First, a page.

About two dozen wolves from several packs that prey on an Alaska Peninsula caribou herd will be killed by airborne state wildlife officials because the herd is teetering toward extinction, according to the Alaska Department of Fish and Game.
Between two and four wolf packs in Game Management Unit 9D -- extending roughly from Port Moller to False Pass on the Aleutian arc -- are keeping the southern Alaska Peninsula herd's numbers from rebounding after years of decline, according to Fish and Game officials. The herd, which had an estimated 10,000 animals in 1983, now has about 600.
Though it is unclear exactly how many wolves are in the area, about 25, or a minimum of 20 percent, are scheduled for destruction beginning as early as this spring, said wildlife biologist Cathie Harms, speaking by phone from the Board of Game conference in Fairbanks, where the board made its decision Thursday night.
"Usually in predator control programs, attempts are made to remove entire packs," Harms said. "Whether or not that's the case here remains to be seen."
While the adult population in the herd is reportedly healthy, calves are unable to survive long enough to replace older animals because the wolves have been killing newborn calves in calving grounds before they are mobile, Harms said. The actual number of wolves killed will depend on how many wolves are stalking the calving grounds, she said.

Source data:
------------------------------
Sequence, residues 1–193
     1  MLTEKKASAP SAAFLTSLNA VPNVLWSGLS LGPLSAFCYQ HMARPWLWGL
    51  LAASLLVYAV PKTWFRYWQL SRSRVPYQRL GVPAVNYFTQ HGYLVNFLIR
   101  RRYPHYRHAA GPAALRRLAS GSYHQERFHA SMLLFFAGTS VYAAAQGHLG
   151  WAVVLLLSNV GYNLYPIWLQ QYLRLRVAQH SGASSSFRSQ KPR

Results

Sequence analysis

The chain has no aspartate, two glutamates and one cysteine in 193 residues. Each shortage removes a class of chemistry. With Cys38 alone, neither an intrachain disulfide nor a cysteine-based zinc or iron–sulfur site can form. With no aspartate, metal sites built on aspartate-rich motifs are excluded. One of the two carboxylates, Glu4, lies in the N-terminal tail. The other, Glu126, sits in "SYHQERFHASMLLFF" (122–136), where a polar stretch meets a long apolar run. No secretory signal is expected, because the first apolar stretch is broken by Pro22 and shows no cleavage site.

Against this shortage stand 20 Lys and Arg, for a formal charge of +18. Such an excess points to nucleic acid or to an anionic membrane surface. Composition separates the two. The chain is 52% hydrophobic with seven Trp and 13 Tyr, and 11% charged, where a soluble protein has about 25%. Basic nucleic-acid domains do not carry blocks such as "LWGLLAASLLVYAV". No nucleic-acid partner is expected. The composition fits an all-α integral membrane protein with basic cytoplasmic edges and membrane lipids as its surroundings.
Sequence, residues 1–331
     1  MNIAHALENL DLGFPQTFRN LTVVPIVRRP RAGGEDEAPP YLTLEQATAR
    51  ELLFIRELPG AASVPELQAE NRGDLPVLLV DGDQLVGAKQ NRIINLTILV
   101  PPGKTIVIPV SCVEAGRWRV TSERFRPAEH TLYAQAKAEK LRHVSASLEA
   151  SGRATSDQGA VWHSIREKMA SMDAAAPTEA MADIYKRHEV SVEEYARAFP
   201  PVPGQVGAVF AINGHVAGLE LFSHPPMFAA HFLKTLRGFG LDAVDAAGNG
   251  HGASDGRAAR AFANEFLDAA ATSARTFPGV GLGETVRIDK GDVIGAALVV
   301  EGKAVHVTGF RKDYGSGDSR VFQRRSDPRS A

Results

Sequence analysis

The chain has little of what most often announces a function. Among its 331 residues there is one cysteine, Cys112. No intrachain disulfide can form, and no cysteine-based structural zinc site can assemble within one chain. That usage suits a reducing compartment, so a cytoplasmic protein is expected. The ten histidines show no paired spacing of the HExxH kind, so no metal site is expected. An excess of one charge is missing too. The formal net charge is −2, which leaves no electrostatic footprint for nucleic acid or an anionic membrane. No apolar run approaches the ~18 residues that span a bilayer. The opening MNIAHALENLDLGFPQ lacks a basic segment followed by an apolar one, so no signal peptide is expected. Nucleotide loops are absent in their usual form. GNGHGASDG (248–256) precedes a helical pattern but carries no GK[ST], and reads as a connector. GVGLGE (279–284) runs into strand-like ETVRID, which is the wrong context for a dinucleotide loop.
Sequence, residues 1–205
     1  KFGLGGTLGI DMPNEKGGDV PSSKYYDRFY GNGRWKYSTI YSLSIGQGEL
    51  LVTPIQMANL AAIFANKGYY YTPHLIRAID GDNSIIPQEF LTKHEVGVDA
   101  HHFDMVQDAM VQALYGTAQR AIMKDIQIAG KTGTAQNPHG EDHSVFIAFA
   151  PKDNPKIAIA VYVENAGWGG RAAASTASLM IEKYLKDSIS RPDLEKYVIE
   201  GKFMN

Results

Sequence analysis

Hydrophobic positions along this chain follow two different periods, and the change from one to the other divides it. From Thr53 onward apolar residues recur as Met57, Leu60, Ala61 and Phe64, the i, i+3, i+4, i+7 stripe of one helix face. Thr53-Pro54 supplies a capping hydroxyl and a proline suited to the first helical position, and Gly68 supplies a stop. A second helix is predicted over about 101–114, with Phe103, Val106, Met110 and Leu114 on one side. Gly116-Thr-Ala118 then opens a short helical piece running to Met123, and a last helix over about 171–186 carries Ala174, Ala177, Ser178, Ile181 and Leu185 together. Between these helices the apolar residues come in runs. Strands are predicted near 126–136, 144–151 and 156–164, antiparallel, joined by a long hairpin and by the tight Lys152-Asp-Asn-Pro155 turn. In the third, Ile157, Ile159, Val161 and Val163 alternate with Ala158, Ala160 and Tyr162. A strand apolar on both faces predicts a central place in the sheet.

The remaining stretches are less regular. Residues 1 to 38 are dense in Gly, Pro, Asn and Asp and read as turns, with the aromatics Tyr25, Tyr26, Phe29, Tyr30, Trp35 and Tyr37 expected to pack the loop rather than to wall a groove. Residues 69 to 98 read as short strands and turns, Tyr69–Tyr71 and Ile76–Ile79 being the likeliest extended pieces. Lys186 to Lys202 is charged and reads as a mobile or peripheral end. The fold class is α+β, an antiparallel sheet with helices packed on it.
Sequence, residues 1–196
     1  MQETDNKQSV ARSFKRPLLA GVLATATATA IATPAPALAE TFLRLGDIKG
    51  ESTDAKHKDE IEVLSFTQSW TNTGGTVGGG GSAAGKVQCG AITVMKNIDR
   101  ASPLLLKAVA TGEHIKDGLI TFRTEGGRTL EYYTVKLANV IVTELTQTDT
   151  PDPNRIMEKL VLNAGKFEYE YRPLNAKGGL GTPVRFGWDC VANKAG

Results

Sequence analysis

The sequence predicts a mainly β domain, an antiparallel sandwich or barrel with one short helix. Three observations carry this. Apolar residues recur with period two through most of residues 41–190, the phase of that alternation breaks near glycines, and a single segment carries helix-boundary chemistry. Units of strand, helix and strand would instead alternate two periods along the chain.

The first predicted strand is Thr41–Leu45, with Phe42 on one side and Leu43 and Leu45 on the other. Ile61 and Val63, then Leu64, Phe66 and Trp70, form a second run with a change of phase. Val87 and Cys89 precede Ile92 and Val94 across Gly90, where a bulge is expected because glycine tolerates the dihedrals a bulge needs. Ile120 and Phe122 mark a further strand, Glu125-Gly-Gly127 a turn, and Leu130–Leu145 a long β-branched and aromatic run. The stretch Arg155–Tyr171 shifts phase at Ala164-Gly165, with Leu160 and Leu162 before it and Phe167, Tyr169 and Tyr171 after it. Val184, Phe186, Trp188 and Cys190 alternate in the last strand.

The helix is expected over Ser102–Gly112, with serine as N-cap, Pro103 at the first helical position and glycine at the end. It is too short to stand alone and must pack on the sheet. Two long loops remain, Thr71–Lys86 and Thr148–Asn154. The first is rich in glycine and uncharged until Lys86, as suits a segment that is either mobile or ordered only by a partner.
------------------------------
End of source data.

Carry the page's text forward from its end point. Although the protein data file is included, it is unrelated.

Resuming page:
The primary goal of this aerial predator control operation will be to give the calves a chance to survive and replenish the herd, which is an important one for subsistence users and currently can't sustain a harvest, Harms said. Fish and Game staffers will use a helicopter to spot and kill the wolves from the air, the first time such an operation has been undertaken since the mid-1980s, Harms said.
A survey of the herd in 2006 discovered only one calf per 100 cows, according to Fish and Game. That number decreased to 0.5 calves per 100 during a thorough survey conducted last year, Harms said.
"Time is of the essence in this particular case," she said. "We've already lost two calf crops. We've had two years of no calves being added to the population."
While brown bears -- also numerous in the area -- are of concern as well, they do not kill as many calves as wolves do, she said.
The caribou herd ranges extensively onto the federal lands of the Izembek National Wildlife Refuge, where predator control can not be conducted; however, most calving takes place on state land, where it can.
Throughout the effort, the wolf and caribou populations will be monitored as officials try to strike the right balance that will allow the herd to grow without killing more wolves than necessary, Harms said.
"There's never been a predator control program in the state of Alaska that's caused wolf packs to be threatened or endangered," she said. "They may be absent from an area for a relatively short period of time but they immigrate back in from surrounding areas at a very fast clip."
In other cases, wolves have bounced back to pre-control levels in about three to five years, she said.
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